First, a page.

Moreover, a pump assembly is disclosed for leak detection of a fuel system of a vehicle. The fuel system includes a switch that changes state according to pressure in the fuel system. The pump assembly includes a pump for changing pressure in the fuel system and a pipe for fluidly coupling the pump to the fuel system. The pump assembly also includes a coupling member for coupling to the vehicle such that the pipe is in fluid communication with the fuel system. Additionally, the pipe includes a predetermined leak that is in fluid communication with the fluid system and that causes the switch to change state after a predetermined time period.

Further areas of applicability will become apparent from the description provided herein, it should be understood that the description and specific examples are intended for purposes of illustration only and are not intended to limit the scope of the present disclosure.

DRAWINGS

The drawings described herein are for illustration purposes only and are not intended to limit the scope of the present disclosure in any way.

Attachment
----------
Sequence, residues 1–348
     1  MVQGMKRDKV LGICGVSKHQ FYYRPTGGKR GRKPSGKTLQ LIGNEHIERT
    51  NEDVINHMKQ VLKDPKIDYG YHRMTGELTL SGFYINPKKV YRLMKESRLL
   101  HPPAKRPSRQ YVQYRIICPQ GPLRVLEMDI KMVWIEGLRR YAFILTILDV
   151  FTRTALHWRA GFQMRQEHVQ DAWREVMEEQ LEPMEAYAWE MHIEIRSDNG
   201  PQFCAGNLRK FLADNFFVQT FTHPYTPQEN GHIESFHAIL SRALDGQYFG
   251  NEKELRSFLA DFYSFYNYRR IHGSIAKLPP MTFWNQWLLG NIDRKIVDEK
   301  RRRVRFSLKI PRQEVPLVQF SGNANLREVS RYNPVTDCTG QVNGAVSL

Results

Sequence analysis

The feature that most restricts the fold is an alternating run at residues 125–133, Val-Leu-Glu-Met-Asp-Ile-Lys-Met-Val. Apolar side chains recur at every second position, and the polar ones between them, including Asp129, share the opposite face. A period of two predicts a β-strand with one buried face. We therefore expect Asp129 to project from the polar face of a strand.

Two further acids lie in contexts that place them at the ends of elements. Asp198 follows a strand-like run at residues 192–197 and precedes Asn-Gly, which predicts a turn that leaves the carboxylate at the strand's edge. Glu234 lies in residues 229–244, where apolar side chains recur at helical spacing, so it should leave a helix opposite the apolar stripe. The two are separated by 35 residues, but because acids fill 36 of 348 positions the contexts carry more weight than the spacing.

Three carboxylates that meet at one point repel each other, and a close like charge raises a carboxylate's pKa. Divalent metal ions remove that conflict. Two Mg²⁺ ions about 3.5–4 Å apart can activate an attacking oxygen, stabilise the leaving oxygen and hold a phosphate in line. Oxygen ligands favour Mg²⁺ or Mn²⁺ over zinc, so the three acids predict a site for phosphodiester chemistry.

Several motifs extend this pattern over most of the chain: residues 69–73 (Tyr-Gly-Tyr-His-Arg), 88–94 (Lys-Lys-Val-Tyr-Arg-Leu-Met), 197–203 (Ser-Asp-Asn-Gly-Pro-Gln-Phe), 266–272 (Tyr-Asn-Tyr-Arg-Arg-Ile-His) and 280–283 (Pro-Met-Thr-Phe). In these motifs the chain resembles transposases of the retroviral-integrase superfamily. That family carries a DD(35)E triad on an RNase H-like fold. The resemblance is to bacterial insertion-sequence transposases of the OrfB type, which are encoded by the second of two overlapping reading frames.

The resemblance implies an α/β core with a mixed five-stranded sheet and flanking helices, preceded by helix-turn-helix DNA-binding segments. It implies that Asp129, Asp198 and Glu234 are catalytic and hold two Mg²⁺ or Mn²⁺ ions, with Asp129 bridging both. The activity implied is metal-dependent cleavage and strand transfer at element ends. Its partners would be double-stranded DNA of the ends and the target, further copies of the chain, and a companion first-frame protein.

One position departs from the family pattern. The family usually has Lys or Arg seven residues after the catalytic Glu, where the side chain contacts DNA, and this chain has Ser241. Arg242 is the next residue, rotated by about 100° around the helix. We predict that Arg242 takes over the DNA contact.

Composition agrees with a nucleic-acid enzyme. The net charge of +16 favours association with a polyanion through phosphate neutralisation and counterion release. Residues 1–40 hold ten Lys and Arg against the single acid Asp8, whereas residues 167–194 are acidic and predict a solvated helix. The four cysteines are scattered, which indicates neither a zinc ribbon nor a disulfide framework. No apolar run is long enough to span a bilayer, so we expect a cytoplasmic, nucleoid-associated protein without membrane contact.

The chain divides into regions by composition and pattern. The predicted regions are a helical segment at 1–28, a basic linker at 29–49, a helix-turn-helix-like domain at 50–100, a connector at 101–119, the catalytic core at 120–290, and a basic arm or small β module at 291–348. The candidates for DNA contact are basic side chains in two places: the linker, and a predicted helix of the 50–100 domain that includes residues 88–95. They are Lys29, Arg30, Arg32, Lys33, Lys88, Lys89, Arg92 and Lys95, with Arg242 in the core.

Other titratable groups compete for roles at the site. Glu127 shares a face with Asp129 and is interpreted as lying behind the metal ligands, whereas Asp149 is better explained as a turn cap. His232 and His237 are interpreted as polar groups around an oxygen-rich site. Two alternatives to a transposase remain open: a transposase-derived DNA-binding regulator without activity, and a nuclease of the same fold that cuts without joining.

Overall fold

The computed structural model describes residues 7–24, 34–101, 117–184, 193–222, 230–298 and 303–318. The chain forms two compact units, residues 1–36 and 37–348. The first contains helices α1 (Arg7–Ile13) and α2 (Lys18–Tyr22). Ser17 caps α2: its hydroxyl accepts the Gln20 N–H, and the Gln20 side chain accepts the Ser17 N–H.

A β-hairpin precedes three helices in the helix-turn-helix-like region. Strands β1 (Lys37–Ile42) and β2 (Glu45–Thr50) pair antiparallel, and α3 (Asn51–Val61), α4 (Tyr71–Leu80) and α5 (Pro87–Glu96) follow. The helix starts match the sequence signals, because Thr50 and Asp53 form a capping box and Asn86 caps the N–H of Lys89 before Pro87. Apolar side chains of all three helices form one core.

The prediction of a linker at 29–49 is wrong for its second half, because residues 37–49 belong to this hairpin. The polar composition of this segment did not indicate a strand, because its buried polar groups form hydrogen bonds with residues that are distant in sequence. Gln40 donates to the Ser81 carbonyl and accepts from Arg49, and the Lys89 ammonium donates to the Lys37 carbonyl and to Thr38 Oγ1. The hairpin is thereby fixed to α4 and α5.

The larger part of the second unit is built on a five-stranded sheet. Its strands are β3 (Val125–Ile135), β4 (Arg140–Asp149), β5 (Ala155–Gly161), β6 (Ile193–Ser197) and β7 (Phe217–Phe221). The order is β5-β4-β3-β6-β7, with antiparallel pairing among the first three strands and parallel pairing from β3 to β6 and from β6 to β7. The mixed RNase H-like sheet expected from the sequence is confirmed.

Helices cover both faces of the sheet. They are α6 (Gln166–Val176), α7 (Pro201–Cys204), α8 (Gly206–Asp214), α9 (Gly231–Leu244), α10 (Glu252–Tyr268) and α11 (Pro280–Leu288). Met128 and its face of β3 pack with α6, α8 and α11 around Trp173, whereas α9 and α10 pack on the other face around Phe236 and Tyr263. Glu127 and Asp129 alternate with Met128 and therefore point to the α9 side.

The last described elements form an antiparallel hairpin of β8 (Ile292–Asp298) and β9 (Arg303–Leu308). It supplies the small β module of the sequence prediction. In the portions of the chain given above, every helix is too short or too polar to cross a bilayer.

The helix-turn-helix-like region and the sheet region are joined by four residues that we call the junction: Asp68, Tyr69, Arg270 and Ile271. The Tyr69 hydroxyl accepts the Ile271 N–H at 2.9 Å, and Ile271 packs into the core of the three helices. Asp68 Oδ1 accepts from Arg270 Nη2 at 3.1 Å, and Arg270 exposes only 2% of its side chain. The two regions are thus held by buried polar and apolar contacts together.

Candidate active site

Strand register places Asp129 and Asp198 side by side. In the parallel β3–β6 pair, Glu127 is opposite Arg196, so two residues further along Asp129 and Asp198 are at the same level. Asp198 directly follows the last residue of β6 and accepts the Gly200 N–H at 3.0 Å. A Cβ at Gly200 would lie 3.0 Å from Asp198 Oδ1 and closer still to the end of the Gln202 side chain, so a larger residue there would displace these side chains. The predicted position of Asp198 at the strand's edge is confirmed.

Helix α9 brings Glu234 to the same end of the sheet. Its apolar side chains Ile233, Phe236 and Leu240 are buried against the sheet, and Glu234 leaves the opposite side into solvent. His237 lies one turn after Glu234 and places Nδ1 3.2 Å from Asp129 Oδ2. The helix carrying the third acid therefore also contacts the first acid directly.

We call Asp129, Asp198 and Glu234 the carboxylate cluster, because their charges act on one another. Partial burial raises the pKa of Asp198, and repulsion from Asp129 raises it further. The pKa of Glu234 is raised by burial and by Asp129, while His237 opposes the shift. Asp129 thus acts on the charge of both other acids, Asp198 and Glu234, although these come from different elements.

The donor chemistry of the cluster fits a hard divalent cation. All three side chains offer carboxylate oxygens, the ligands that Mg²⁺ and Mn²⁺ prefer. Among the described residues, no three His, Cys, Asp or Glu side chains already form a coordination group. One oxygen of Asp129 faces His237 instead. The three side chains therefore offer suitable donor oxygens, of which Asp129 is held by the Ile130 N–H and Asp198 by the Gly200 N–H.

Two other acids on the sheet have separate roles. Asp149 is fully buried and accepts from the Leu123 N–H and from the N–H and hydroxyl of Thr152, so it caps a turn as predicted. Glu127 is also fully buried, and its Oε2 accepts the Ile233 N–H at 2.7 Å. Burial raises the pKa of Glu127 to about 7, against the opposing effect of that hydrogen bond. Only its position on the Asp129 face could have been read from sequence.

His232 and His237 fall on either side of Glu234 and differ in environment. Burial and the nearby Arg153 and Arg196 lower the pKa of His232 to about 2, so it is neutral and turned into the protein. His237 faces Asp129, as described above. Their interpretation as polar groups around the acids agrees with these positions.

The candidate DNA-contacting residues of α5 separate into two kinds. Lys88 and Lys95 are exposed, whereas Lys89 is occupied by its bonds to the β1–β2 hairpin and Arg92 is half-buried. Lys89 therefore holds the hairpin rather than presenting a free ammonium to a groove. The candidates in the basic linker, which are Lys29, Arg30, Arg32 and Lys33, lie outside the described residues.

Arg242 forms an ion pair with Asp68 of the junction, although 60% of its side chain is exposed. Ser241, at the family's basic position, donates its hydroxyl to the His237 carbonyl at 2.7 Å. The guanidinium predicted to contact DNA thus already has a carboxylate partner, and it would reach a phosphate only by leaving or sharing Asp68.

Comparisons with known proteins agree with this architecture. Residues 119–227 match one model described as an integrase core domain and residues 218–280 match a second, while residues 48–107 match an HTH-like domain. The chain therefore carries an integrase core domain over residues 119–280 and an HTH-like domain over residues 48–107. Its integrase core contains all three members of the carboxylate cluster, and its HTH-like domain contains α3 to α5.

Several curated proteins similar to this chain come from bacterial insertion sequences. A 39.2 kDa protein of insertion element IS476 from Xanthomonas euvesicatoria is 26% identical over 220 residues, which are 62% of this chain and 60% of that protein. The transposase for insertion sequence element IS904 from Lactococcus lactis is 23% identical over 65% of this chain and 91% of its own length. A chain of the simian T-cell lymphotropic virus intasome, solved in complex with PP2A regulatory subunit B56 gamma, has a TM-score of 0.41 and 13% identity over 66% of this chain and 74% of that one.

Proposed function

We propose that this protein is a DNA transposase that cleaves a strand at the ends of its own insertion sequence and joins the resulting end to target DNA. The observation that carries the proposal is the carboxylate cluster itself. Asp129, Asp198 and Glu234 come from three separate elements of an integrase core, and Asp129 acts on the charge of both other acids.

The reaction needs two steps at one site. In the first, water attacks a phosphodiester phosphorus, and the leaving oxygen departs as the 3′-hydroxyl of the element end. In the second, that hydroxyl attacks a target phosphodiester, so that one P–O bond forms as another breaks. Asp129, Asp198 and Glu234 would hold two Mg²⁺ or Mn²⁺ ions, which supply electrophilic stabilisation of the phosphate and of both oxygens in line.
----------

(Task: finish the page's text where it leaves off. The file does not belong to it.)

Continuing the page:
FIG. 1 is a schematic diagram of one embodiment of a leak detection assembly;

FIG. 2A is a perspective view of one embodiment of a pump assembly of the leak detection assembly of FIG. 1;

FIG. 2B is a perspective view of another embodiment of a pump assembly of the leak detection assembly of FIG. 1; and

FIG. 3 is a flowchart representing one embodiment of a leak detection method.

DETAILED DESCRIPTION

The following description is merely exemplary in nature and is not intended to limit the present disclosure, application, or uses, it should be understood that throughout the drawings, corresponding reference numerals indicate like or corresponding parts and features.

Referring initially to FIG. 1, a leak detection assembly 10 is illustrated. The leak defection assembly 10 generally includes a fluid system 12, a pump assembly 14, and a test unit 18. As will be described in greater detail below, the pump assembly 14 includes a predetermined leak 34, which improves the accuracy of the leak checking procedure.

In the embodiment shown, the fluid system 12 is part of a vehicle 18. More specifically, the fluid system 12 is a vehicle fuel system, such as an evaporative fuel system through which evaporative fuel flows. However, it will be appreciated that the fluid system 12 could be of any suitable type without departing from the scope of the present disclosure.